Bethlehem, a titular see of Palestine. The early-name of the city was Ephrata; afterwards Bethlehem, or the sixth century—and has been repaired at still later periods. The Frankish kings were wont to come from Jerusalem to be crowned at Bethlehem, in memory of the coronation of David by Samuel. The greater part of the church is now shared by various communions; while the choir belongs to the Greeks alone, the Grotto of the Nativity is open to the Latins, the Greeks, and the Armenians, who hold services there each in turn.
The first Bishop of Bethlehem, Arnolfo (1099-1103), was appointed by the Crusaders. The see was not canonically erected until 1109, when the title was united with that of Ascalon, till then a Greek diocese (Revue de l’Orient latin, I, 141). The Diocese of Bethlehem-Ascalon existed from 1109-1378, but since the middle of the thirteenth century its bishops resided at Clamecy in France. The Diocese of Bethlehem-Clamecy was created in 1378, and suppressed by the Concordat between Napoleon and Pius VII, in 1801. The titular Bishoprics of Bethlehem and Ascalon, however, had existed separately from 1378 to 1603, when they were suppressed. From 1801 to 1840 both residential and titular sees, either of Bethlehem or Ascalon, were extinct. In 1840, Gregory XVI reunited the title of Bethlehem in perpetuum to the independent Abbey of St. Maurice d’Agaune in Switzerland. In 1867 the titular See of Ascalon was also reestablished.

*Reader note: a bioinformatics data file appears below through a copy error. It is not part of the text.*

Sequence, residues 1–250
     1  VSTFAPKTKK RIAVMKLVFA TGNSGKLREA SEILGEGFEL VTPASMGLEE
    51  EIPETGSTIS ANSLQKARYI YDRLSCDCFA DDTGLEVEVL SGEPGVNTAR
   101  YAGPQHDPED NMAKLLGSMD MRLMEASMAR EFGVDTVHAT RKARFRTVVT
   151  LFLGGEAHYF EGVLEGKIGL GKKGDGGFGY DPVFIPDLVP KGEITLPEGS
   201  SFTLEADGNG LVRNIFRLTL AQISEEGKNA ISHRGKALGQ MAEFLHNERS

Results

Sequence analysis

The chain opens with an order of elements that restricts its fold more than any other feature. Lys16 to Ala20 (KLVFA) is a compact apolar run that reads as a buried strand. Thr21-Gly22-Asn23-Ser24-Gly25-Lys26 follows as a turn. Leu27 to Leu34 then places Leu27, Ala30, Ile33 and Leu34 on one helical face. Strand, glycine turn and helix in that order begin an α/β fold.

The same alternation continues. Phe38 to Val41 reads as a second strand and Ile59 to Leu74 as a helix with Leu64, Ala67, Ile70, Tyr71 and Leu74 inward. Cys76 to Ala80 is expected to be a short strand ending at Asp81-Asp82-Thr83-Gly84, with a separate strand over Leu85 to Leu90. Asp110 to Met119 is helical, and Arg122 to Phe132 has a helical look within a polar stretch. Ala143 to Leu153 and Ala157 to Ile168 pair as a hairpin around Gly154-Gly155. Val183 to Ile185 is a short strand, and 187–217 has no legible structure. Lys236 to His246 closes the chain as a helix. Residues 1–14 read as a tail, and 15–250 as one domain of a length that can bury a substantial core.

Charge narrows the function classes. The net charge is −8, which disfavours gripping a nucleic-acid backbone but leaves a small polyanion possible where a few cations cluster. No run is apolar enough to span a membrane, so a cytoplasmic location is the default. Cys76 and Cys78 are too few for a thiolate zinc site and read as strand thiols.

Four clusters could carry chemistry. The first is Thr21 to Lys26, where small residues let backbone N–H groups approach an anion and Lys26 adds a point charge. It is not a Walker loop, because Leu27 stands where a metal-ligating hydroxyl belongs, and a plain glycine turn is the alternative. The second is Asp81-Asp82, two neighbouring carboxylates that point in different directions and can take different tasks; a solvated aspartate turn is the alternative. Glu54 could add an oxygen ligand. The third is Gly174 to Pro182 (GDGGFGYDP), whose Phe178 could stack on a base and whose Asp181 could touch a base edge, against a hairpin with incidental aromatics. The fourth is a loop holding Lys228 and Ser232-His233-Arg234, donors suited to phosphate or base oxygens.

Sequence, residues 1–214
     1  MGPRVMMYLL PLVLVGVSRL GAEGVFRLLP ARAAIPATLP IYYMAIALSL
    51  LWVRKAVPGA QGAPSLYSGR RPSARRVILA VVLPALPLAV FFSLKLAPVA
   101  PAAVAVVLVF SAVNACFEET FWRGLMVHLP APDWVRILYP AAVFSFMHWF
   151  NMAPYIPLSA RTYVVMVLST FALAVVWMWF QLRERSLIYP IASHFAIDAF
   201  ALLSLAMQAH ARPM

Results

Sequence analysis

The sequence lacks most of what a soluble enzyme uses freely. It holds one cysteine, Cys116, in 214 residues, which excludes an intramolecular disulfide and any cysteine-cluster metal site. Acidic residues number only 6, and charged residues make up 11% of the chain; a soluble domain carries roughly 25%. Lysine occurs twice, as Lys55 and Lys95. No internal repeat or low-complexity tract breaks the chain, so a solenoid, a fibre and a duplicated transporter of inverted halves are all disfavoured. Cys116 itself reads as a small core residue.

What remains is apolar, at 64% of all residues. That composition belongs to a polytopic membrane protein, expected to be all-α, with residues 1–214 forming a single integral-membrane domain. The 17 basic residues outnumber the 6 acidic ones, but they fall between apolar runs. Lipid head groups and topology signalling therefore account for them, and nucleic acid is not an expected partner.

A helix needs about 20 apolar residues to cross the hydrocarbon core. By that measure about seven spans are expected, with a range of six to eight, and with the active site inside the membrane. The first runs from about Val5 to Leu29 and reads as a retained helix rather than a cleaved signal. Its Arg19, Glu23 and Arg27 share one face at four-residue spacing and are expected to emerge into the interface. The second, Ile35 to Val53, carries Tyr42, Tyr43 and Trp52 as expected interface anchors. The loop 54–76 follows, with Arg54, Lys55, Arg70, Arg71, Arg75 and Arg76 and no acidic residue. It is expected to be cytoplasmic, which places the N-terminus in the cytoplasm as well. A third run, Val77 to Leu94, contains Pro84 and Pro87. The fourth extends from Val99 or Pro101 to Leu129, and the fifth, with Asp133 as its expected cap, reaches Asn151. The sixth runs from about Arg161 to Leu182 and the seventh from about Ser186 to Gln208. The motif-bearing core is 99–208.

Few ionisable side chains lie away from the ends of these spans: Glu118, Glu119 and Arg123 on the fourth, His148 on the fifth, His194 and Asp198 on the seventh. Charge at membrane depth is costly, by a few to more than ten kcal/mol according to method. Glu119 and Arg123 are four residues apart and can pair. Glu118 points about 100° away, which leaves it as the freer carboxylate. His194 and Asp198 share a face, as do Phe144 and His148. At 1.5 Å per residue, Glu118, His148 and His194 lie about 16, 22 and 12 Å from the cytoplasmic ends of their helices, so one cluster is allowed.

Bethlehem is today a little town with about sides agriculture, they are engaged in the fabrication of wooden, mother-of-pearl, and bituminous lime-stone objects, such as beads, crosses, etc. The with an orphanage and an elementary school; the Sisters of St. Joseph of the Apparition have two convents, a school, an orphanage, and an infant school; the Sisters of Charity have a hospital and an orphanage; the Carmelite nuns, a monastery. The Greek Catholic parish lately established has not yet a church. There are also Greek and Armenian monasteries, and schools conducted by Greeks, Armenians, and Protestants.